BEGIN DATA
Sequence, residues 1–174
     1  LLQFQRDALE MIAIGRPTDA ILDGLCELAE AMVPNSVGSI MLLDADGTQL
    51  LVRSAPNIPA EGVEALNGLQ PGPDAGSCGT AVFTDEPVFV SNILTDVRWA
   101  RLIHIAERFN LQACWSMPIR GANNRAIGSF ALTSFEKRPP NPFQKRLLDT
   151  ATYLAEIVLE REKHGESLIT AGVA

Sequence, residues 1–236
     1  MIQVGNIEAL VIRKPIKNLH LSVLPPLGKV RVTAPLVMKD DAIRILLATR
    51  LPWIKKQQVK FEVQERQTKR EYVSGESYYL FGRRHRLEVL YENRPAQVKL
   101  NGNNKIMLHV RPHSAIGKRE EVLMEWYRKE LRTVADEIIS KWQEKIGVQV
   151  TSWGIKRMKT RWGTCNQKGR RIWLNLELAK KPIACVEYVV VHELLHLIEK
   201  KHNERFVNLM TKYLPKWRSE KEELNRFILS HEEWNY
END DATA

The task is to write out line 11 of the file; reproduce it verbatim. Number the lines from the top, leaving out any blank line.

   201  KHNERFVNLM TKYLPKWRSE KEELNRFILS HEEWNY